‘The cultural differences vary from country to country. In countries like China, for example, they love the concept of super heroes. In every country there is a very different approach but the engagement works. In Spain, for example, it is important for super heroes to be active on social media as well as in their stores. In France, by comparison, it’s about being proactive within the stores and with their colleagues.’
Why did you decide to take leadership role by selling more organic fair trade bananas, for example?
‘When we launched organic and fair trade organic bananas four years ago we were 100% sure that the world was not producing enough fair trade bananas. It was a risk for us to increase the price by 15%, but then producers created new banana plantations in Africa with improved quality and we improved our sourcing. Today, one-third of the bananas sold in Carrefour are organic and fair trade bananas.’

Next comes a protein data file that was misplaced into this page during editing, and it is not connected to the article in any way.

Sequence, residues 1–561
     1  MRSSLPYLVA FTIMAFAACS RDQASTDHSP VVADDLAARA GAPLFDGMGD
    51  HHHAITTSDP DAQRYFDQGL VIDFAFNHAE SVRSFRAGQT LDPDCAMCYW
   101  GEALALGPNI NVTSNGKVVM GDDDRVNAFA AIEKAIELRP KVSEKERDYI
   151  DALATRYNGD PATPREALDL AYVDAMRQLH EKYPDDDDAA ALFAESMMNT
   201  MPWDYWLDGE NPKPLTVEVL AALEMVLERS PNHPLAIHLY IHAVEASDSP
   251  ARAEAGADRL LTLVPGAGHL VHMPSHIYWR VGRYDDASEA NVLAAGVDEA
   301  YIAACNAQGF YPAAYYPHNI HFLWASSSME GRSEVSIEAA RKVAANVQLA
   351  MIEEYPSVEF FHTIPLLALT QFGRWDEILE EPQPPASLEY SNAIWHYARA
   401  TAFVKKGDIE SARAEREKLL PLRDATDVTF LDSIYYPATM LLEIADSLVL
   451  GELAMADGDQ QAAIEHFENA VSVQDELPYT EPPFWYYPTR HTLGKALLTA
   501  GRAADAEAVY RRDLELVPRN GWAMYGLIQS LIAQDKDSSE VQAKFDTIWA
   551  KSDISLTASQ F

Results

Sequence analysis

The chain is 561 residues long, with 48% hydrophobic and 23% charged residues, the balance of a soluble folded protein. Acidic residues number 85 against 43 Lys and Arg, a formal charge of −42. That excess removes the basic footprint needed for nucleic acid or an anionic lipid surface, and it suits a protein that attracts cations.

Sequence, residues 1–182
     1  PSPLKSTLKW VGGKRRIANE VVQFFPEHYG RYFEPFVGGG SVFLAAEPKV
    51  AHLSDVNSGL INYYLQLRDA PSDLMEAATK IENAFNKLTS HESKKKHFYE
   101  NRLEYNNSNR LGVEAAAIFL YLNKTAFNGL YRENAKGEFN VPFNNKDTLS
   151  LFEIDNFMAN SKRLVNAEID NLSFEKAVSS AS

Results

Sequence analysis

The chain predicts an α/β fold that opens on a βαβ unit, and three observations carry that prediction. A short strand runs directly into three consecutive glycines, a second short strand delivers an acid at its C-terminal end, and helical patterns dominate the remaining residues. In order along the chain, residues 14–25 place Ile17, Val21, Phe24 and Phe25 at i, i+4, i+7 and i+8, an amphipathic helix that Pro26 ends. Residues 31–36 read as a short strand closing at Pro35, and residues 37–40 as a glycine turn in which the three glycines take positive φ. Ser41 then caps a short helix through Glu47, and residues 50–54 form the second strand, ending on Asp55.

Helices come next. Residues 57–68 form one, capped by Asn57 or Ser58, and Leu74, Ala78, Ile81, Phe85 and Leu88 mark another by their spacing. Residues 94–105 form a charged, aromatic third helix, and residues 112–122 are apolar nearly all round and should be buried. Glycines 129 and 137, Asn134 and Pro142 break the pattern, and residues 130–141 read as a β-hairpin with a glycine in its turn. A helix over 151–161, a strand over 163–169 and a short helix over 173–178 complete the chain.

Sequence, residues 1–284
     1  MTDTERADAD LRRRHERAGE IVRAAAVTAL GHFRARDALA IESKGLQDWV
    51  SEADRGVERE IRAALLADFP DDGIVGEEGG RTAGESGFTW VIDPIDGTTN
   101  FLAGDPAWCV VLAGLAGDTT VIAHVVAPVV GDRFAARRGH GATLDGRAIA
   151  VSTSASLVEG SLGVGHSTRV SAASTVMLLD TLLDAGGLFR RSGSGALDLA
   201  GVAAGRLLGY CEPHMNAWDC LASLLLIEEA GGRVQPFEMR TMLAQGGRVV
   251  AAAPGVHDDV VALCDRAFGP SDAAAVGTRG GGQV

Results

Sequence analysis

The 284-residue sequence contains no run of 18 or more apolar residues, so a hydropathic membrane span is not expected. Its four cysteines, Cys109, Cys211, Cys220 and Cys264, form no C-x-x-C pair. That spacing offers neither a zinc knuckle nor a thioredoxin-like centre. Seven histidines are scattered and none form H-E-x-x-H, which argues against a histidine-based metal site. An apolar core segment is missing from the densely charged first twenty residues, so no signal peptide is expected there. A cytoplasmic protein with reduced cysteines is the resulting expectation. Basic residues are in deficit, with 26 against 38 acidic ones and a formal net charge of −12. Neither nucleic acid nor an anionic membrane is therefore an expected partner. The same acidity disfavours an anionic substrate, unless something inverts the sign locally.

Reshaping operations with renewable energy
How have you introduced using bio-methane to fuel trucks in the Carrefour logistics fleet?
‘We started to develop a project for our transport using bio-methane. In France, for example, we use 400 trucks that operate using bio-methane that we produce from bio-waste from our stores. Our approach transformed the market in France for all the retailers, and in two or three years we believe that bio-methane fuel will be the standard in the French retail transport market.’
‘When we started four years ago, bio-methane was more expensive for us but today it is a cheaper source of fuel compared with other fuels, for Carrefour.’
How did the Urbasolar partnership and your commitment to renewable energy use come about?